The great renaissance painter Raphael was trained in Perugia under Pietro Perugino. Only one fresco remains that can be certainly attributed to Raphael. This fresco can be found in the Cappella di San Severo.
Visiting was a fairly unusual experience. After paying a small fee, you walk into a small white room with high ceilings. Plastic chairs line the wall opposing the only remaining Raphael in Perugia. Raphael’s fresco features the holy trinity and multiple saints surrounding an ensconced, terracotta madonna and child. After contemplating the figures in their sterile surroundings, you walk out into the cool and humid Umbrian weather.
I am in Perugia studying Italian at l’Università per Stranieri or University for Foreigners. The main building of the university can be found in Piazza Fortebraccio. Stage right of this grand old building is an Etruscan arch built in 200 B.C.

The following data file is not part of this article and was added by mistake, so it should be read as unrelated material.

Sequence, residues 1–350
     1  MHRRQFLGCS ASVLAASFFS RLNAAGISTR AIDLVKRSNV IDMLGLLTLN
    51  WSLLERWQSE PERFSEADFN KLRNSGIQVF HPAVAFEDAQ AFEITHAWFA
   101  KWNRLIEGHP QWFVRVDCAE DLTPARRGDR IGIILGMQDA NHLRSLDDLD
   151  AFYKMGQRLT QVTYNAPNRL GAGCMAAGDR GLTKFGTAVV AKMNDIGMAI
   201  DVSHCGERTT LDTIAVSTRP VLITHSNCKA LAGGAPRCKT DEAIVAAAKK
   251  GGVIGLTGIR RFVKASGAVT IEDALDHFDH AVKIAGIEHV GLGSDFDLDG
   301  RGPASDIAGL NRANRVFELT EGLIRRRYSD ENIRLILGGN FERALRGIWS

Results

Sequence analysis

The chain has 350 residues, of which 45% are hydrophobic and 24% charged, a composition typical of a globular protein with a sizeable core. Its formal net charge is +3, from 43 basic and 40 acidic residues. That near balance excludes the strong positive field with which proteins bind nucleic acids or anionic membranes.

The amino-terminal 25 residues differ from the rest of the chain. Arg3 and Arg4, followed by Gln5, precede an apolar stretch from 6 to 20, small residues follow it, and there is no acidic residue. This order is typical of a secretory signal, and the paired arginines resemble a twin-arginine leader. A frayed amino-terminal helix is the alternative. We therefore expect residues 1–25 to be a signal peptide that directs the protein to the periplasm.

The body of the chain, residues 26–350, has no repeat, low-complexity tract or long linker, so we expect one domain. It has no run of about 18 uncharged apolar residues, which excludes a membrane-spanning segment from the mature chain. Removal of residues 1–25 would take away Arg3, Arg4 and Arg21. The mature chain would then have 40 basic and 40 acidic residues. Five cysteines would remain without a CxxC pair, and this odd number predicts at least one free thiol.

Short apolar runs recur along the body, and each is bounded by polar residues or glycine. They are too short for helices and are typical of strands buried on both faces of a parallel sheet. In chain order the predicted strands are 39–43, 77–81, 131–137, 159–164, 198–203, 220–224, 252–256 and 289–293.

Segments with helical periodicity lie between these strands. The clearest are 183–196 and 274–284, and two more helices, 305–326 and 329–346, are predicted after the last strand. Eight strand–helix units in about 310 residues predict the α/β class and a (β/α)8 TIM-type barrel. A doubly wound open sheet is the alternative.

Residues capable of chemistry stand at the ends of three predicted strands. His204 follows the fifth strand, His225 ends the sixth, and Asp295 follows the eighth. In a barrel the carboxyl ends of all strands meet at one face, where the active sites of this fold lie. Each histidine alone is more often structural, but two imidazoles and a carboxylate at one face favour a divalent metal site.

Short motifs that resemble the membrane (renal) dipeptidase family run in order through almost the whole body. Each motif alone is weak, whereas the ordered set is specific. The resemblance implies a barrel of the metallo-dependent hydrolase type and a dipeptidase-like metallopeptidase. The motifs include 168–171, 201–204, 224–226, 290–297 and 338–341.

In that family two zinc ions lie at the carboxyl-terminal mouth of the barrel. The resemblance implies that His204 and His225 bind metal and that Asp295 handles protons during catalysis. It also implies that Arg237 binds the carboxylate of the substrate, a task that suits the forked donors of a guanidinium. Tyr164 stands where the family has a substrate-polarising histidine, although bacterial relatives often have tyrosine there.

I’ve been placed in an elementary level class with around thirty other students. We represent 13 different countries including Israel, Russia, Iraq, America, and China. In the first few days of class, the discomfort between the Israelis and the other Arabs was palpable. After sharing a classroom, friends, and local bars, tempers are beginning to cool down.
After two months of study, improvement is apparent. This past week I was able to have a good conversation with some of our Chinese students. For the first time, we finally had a common language. Through Italian, an American student and two Chinese students were able to communicate and laugh together.